UNC and Maryland. The rematch of last year's championship game. Soldout crowd on the Terps home turf. UNC ended up getting their revenge, winning 81-74. In a game many see as exemplifying just how far women's basketball has come, a few moments remind us just how different the "rules" are in women athletics.
Some say the game was marked by bad officiating. [Here I should own up to the fact that although I appreciate women's basketball and follow it occasionally, I know very little about the actual game and so cannot really discern the efficacy of the refereeing.] UMD coach Brenda Frese certainly thought so. She was assessed a technical during the first half when she came four feet or so onto the court to scream at the refs.
The commentators (I forget who it was doing the game coverage) noted that the refs were letting Frese know that that kind of behavior was not acceptable in women's basketball. That sideline decorum in the women's game is a must. Would they say that about a male coach? I have seen Geno Auriemma get pretty heated. But let's also consider the sideline decorum in men's basketball where the likes of Bobby Knight (note that the IndianaU president at the time of one of the Knight controversies is current NCAA president Miles Brand) are allowed to coach.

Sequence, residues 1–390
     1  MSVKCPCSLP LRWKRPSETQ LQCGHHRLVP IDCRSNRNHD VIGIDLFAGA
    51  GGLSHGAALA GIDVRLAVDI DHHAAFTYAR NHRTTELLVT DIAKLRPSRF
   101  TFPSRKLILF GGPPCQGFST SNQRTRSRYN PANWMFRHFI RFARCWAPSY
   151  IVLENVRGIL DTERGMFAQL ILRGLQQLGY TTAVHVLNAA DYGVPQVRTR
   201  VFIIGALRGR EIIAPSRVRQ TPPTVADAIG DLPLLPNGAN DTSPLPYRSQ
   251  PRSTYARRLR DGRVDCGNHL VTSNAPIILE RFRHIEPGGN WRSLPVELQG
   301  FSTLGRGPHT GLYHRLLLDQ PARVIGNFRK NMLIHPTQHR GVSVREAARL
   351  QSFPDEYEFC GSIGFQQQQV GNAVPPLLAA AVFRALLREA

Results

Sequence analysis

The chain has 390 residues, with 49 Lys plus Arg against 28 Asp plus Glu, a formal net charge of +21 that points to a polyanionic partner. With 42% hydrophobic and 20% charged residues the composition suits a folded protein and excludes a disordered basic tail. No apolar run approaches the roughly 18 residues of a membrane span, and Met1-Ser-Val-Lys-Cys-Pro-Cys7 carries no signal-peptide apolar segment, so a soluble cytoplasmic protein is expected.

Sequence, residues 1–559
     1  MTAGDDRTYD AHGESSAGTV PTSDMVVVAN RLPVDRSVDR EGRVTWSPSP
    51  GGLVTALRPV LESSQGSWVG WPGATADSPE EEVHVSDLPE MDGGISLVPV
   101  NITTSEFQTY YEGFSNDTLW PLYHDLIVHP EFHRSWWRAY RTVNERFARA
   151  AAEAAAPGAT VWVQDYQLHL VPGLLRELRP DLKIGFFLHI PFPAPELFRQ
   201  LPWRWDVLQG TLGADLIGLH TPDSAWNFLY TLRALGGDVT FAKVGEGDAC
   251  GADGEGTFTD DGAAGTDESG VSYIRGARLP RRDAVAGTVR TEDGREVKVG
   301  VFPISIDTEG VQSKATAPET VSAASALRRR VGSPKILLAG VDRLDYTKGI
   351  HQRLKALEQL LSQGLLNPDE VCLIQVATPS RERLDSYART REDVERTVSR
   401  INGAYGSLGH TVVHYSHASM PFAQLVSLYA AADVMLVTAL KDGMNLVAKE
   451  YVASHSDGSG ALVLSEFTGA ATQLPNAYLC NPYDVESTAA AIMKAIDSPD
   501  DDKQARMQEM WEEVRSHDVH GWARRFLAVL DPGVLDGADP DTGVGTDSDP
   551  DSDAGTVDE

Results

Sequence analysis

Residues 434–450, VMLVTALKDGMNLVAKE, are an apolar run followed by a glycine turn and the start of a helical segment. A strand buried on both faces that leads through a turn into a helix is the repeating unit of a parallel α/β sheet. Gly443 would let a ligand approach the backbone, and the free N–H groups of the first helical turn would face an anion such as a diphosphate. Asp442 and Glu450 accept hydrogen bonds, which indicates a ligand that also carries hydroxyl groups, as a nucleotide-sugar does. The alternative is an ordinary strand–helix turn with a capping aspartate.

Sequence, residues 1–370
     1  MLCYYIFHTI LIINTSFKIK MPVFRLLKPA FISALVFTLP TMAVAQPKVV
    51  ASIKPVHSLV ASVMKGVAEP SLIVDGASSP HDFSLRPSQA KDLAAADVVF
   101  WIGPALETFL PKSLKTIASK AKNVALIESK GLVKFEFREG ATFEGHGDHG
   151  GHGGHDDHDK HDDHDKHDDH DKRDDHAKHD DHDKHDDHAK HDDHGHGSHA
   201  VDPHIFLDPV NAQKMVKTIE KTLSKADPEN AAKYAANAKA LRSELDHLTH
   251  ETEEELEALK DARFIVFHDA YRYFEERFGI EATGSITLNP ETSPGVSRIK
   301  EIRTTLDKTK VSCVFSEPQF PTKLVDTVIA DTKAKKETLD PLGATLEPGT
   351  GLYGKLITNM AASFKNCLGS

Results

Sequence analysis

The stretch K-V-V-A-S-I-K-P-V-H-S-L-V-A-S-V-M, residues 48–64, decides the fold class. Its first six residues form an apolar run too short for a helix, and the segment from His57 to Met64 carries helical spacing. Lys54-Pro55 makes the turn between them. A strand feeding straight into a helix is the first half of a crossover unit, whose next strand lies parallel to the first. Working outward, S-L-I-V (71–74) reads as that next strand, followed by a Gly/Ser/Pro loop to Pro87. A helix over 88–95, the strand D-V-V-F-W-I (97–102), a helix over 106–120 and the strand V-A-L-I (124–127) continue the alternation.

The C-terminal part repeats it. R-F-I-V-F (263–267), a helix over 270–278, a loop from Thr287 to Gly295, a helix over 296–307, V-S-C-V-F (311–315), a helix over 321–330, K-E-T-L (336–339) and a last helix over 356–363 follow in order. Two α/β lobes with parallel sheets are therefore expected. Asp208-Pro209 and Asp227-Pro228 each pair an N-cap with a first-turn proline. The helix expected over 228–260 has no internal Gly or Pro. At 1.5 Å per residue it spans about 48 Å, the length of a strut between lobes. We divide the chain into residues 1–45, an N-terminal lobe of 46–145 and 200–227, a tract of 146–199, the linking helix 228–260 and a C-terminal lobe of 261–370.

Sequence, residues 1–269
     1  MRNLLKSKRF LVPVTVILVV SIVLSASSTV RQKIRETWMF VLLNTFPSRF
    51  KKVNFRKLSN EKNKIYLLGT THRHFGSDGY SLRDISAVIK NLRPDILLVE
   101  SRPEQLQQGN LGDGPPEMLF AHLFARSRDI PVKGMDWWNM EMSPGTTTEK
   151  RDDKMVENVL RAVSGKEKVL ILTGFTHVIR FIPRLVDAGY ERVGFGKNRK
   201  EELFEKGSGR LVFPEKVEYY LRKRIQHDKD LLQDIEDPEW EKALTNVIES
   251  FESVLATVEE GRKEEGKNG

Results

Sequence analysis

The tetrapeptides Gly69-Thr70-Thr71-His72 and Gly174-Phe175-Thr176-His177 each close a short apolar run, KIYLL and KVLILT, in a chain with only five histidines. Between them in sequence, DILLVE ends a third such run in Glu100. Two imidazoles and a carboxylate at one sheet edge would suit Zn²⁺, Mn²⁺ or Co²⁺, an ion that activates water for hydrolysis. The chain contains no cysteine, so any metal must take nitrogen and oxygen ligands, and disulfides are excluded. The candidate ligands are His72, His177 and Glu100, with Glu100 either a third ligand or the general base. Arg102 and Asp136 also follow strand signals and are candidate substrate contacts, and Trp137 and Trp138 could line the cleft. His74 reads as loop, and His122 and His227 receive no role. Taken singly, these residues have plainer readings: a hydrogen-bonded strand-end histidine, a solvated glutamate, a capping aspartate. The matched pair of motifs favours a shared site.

But it was really the written commentary of Mike Wise regarding the faulty officiating that stunned me. Thinking he was supporting UMD's cause against the refs he writes:
[Kristi] Toliver was safer walking across campus at 4 a.m. than she was grabbing a rebound and trying to dribble upcourt before intermission.
That's how bad the officiating was apparently. Worse than the violence of rape and physical assault. It's an offensive analogy and perpetuates the rape culture we live in. And it lets us all know that you may be 5'7", one of the best guards in the country, and a member of a championship team but you are still rapeable. (And I am a little disappointed that Women's Hoops Blog from which I got the link to Wise's column, didn't comment on his offensive and violent analogy.) All women athletes are still rapeable because they are still women. The message I hear is "we let you play but it does not offer you the ultimate entitlement: being free to occupy any space at any time."